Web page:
three too many

Is there an example of a tripartite metaphor?


audience held

One feels most like a poet in that bardic moment speaking before enrapt faces.


library of the mind

He closed his eyes and saw in his mind where all his books were, those shelved and those stacked on their sides. When he opened his eyes, he couldn’t find the one title he was looking for.


lit is

To write a singular document.


drives on

The truck-driver poet looked at each exit ramp as a possible ending before he speeded past.


wind flow

[Episodes of Eccentrics Among Haikai Poets, 1816, compiled by Takenouchi Gengen’ichi] begins its description of Sutejo this way:

    […] From a very young age, she showed signs of a poetic turn of mind. In the winter of her sixth year, she made:

       Yuki no asa ni no ji ni no ji no geta no ata
       Morning snow: figure two figure two wooden clogs marks

    Because of this, one year she received a poem from someone exalted:

       Kayahara no oshi ya suti oku tsuyu no tama
       Too good to be left in a weedy field: this drop of dew.

The original word for what’s given as “a poetic turn of mind” is fūryū, literally “wind flow”—an expression that can’t be translated to anyone’s satisfaction. It refers to a liking for things somewhat unworldly or transcendental or the object of that inclination, such as poetry. Among its synonyms is fūga, which carries a greater dose of “elegance” or “refinement.” Another synonym, fūkyō, suggests “poetic dementia.” Any haikai person must be imbued with fūryū, fūga, or fūkyō.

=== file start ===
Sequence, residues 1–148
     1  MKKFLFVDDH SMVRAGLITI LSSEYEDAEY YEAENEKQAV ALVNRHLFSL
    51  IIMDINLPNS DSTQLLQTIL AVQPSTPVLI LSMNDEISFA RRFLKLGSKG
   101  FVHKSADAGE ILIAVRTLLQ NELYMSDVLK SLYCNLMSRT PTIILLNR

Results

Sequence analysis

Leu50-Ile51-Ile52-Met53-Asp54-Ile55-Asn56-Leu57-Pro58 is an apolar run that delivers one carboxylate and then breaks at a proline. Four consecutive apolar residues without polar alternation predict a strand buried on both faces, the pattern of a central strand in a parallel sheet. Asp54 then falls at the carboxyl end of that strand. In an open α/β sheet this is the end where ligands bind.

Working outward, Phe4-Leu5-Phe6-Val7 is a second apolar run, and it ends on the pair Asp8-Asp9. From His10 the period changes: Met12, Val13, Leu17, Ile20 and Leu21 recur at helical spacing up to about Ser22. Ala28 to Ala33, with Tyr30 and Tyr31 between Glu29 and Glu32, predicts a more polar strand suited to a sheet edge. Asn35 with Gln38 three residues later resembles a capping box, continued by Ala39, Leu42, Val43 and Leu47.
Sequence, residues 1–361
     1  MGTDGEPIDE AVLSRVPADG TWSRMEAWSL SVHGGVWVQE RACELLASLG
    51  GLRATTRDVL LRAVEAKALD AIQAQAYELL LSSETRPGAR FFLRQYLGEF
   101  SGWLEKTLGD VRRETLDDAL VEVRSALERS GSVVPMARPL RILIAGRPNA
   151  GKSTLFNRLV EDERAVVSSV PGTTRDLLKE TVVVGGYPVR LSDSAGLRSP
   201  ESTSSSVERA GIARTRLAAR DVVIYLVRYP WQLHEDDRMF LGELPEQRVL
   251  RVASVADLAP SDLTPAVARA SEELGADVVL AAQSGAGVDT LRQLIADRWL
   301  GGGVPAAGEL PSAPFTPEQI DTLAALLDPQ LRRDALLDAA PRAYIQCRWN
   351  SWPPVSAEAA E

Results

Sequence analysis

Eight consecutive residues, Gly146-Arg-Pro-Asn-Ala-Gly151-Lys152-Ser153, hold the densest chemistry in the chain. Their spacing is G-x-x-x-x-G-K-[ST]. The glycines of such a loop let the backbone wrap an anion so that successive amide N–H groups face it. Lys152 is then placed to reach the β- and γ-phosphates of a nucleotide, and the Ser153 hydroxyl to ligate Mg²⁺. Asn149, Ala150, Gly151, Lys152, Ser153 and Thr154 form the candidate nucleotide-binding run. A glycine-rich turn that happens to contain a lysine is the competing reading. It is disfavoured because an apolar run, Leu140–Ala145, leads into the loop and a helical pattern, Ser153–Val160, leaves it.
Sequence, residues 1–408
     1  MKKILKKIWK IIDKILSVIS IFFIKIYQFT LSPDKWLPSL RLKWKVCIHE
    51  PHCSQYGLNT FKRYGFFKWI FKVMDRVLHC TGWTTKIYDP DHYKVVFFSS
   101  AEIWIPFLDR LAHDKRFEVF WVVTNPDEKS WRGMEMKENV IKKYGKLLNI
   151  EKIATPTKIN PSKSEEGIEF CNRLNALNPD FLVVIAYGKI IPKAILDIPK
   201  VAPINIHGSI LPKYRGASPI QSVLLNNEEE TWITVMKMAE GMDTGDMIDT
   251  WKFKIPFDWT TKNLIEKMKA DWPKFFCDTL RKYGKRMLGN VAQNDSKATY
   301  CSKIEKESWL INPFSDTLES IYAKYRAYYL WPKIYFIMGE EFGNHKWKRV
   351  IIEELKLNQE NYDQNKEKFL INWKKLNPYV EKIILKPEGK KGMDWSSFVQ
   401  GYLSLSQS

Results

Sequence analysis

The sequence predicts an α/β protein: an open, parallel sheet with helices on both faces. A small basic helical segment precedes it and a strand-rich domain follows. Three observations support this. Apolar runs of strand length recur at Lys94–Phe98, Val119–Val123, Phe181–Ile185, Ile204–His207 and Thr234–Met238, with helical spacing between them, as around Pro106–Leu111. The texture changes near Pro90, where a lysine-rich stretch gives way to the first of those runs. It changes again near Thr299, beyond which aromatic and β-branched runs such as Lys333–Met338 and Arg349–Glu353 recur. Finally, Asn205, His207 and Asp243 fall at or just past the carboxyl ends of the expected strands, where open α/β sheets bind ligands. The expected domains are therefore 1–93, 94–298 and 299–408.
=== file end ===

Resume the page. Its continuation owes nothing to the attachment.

—Hiroaki Sato, On Haiku (New Directions, 2018)


one among many

Each of us playing a small part in the poetry’s panoply.


dog-ear bookmark

The dog-eared page could mark an important passage, a run of words to return to, or it could mean a stopping place, when then where the book was closed, set aside and never opened again.


with all they have

The worst of the formalist poets are most vehemently opposed to free verse.


dark passage

You knew going in, this was a poem you’d be lucky to elucidate.


let there be dancing

When writing finally returned to Greece, in the eighth century B.C., the new Greek writing, its users, and its uses were very different. The writing was no longer an ambiguous syllabary mixed with logograms but an alphabet borrowed from the Phoenician consonantal alphabet and improved by the Greek invention of vowels. In place of lists of sheep, legible only to scribes and read only in palaces, Greek alphabetic writing from the moment of its appearance was a vehicle of poetry and humor, to be read in private homes. For instance, the first preserved example of Greek alphabetic writing, scratched onto an Athenian wine jug of about 740 B.C., is a line of poetry announcing a dancing contest: “Whoever of all dancers performs most nimbly will win this vase as a prize.”

—Jared Diamond, Guns, Germs, and Steel (W. W. Norton & Co., 1999)


book of spells

The fortune-teller poet thought you wouldn’t notice that her book of spells was a battered unabridged dictionary.


easy target

Like a parodist, the plagiarist should aim higher.


long view

Literature is one long poem.